COMING SOON: MC²
The Next Generation Network
MC2 transforms urban policy and practice from the bottom up. We do this with the next generation of change-makers using the next generation of technologies. We build people, communities and power using knowledge from empirical research and generations of experience. MC2 gives voice to the marginalized and converts our collective knowledge into action.
There are currently one billion people living in slums and squatter settlements and that number is expected to double by 2030 and reach 3 billion by 2050, more than a thirds of the projected world population at that time.
All urbanization is happening in the developing world: Over the next 30 years 2 billion people will be added to the global population and most of this increase is expected to take place in urban areas of the developing world. And most of this will happen in squatter settlements.
Cities must adapt to climate change: As cities invest in their adaption and resilience to climate change, this is also a window of opportunity to fix the underlying causes of vulnerability, the inequalities that constrain access to resources and create and sustain poverty.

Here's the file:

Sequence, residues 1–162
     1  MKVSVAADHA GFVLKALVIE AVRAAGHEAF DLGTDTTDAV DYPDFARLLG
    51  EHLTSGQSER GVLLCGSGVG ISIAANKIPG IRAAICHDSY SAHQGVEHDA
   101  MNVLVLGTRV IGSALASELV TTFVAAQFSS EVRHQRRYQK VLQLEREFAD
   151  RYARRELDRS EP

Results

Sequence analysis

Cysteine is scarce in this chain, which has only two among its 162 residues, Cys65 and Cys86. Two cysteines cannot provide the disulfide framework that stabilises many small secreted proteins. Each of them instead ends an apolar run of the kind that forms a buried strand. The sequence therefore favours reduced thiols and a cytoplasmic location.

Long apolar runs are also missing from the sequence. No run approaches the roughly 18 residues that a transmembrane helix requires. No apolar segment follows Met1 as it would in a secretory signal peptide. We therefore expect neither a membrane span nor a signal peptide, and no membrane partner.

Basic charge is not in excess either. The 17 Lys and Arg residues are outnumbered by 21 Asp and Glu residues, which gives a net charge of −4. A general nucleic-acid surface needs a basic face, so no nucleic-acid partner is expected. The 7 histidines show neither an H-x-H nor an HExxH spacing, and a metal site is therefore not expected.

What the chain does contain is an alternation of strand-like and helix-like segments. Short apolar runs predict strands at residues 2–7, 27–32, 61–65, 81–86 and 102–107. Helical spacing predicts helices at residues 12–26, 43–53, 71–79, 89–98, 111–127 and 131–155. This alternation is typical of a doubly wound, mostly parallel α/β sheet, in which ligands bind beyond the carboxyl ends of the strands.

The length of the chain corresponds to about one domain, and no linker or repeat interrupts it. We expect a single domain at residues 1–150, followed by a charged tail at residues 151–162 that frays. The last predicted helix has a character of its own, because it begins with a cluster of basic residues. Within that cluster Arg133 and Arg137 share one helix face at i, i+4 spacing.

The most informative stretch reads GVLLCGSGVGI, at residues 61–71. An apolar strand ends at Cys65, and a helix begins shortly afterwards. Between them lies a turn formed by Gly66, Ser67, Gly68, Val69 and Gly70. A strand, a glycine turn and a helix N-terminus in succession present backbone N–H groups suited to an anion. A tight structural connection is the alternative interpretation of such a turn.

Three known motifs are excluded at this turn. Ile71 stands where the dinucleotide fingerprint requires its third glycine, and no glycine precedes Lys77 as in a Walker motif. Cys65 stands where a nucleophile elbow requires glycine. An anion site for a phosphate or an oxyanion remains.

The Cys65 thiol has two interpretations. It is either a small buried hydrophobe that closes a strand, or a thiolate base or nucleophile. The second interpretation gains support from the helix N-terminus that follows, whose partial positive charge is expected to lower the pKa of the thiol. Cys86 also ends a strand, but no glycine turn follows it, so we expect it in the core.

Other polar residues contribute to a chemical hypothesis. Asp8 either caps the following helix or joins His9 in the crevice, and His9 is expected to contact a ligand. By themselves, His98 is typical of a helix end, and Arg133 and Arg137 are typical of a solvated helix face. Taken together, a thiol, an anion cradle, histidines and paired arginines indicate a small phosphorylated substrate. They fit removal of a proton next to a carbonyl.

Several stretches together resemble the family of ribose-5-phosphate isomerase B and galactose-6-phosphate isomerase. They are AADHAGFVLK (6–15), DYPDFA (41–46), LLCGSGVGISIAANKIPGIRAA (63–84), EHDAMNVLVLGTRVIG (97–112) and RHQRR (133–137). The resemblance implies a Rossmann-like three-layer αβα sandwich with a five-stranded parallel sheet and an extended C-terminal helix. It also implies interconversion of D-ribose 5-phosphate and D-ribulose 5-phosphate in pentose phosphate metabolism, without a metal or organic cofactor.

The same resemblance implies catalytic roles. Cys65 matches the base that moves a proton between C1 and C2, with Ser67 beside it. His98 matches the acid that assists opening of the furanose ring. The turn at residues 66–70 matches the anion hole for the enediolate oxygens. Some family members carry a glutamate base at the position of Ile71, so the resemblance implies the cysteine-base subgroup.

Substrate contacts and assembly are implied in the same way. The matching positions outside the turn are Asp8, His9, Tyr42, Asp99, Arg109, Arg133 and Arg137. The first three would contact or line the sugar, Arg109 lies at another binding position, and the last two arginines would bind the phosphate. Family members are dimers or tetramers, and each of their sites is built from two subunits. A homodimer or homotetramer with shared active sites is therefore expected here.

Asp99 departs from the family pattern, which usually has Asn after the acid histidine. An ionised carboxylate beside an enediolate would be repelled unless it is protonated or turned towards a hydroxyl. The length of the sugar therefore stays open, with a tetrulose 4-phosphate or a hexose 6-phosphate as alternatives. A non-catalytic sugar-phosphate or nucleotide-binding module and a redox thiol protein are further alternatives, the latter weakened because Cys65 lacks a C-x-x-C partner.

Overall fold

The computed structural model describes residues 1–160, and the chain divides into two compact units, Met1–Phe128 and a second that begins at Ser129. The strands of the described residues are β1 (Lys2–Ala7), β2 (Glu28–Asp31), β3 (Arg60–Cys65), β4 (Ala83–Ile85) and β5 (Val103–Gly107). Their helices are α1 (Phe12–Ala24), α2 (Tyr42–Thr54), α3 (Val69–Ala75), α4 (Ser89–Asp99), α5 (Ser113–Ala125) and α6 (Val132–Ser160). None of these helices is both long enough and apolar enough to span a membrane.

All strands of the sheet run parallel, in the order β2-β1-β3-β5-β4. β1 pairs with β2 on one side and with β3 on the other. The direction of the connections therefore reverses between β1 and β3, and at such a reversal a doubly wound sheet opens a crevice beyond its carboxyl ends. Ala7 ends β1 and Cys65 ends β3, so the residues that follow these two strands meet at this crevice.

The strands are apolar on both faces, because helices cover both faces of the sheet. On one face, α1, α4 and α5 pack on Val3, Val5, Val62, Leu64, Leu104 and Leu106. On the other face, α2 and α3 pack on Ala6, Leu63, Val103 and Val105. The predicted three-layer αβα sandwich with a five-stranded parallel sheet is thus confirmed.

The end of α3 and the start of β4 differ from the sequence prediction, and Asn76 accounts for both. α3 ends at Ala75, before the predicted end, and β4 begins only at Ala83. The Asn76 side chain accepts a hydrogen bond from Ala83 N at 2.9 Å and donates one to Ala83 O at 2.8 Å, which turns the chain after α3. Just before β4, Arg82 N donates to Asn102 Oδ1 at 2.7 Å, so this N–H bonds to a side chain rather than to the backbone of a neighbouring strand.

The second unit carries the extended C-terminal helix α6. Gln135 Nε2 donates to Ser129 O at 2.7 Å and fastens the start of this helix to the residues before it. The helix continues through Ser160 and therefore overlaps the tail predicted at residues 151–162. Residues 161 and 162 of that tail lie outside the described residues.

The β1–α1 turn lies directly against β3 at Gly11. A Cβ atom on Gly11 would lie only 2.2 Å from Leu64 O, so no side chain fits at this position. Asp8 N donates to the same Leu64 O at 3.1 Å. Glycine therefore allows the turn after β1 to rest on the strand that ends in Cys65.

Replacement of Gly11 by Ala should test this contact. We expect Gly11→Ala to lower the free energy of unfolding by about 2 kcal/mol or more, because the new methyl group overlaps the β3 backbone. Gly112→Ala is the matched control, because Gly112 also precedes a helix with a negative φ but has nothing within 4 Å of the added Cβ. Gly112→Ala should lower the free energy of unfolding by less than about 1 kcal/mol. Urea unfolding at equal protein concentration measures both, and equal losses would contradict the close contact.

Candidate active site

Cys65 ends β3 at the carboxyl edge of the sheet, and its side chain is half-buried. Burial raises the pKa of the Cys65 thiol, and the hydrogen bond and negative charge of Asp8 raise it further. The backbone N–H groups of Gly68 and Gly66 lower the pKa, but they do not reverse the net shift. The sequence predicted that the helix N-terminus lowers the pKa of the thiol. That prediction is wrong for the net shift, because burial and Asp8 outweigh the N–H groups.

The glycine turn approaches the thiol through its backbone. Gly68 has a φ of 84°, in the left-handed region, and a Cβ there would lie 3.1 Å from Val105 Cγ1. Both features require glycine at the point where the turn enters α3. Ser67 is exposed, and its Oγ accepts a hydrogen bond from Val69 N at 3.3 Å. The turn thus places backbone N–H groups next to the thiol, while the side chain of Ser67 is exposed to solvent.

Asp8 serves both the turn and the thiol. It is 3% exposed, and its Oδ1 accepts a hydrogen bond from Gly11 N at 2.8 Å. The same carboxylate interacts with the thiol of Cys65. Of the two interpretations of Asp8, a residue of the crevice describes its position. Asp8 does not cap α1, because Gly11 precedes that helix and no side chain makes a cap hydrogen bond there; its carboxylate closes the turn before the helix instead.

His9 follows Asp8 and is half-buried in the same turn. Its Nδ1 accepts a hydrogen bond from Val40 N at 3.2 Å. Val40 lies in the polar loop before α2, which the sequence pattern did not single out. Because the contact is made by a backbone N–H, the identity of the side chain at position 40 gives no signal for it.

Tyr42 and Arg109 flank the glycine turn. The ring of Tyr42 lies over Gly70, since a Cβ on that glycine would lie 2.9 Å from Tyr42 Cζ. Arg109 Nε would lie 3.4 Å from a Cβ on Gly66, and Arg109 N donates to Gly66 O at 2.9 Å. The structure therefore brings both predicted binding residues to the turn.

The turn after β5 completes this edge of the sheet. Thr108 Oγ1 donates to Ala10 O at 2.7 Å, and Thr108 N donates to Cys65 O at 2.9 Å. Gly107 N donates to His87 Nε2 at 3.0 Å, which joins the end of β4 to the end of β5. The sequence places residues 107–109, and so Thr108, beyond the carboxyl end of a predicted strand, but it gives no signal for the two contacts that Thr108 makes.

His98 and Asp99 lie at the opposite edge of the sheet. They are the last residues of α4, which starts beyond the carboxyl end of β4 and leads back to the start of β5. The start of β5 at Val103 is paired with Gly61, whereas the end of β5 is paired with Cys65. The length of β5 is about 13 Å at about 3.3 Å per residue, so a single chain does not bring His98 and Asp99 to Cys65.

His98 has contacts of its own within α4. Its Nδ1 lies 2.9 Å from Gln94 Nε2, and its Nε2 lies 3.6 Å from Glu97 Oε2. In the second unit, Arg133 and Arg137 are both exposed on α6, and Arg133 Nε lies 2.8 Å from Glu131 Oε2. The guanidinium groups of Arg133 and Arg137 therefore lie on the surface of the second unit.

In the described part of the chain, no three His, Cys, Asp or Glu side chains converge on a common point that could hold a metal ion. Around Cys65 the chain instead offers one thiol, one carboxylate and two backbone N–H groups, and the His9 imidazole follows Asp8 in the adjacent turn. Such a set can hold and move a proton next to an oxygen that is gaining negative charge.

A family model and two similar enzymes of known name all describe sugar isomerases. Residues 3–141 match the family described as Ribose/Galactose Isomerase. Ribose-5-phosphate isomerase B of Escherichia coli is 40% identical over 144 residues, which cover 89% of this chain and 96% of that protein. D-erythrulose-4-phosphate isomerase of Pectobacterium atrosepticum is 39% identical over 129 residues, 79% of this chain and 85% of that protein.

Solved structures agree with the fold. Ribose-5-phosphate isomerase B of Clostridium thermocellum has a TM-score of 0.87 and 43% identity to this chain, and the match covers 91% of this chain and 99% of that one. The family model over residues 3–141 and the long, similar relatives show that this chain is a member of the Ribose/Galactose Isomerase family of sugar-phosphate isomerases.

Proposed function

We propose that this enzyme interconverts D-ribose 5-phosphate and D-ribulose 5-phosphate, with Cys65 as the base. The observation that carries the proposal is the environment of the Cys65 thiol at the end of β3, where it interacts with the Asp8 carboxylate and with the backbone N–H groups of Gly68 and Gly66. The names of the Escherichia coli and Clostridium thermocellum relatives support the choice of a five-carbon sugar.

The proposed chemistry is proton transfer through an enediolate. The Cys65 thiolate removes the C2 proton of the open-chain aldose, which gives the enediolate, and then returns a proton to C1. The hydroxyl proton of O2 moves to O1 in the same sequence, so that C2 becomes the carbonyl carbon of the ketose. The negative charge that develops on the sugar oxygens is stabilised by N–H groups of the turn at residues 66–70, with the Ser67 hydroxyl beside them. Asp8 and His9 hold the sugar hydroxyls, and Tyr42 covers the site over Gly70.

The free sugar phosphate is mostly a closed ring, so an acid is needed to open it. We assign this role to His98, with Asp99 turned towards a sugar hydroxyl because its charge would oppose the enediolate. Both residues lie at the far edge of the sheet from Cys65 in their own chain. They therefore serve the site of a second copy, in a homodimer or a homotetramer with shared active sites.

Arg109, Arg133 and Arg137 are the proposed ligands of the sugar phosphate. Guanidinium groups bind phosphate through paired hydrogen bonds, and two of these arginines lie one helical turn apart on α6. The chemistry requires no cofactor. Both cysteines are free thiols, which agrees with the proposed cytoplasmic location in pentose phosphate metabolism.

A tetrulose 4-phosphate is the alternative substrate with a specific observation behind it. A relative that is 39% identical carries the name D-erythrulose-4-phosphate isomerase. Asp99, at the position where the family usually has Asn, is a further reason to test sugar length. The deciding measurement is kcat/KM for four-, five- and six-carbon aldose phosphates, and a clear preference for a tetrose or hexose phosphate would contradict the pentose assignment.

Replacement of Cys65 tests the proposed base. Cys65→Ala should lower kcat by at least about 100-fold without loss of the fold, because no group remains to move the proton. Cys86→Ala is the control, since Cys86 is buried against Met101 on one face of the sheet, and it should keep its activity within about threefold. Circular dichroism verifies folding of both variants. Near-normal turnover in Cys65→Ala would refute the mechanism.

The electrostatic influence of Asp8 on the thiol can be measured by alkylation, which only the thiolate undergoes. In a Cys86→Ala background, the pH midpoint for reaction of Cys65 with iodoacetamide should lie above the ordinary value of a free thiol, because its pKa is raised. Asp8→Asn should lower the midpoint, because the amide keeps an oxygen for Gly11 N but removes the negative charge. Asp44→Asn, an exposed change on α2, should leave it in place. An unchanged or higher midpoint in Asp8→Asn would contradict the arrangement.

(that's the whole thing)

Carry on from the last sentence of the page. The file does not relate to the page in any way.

Information & Communication Technologies: There is a tremendous amount of unexplored potential in harnessing the digital commons and increased connectivity to transfer knowledge and innovations. This is a dramatic departure from the past and a window of opportunity to get serious and creative about planning smarter, more inclusive, and sustainable cities.
THE CORE SOLUTIONS
We cannot even begin to solve the challenges of urbanization, without giving voice to those who have been stigmatized and ignored because they are poor. Real solutions will not come from technical fixes or top-down initiatives motivated by "bang for the buck" calculations. Policy and practice needs to be transformed by giving voice to the marginalized and converting our collective knowledge into action. There is enough energy and creativity in the cities today to address the challenges, but there are too few mechanisms to channel these forces into the policy making process or to multiply the effects of approaches that work.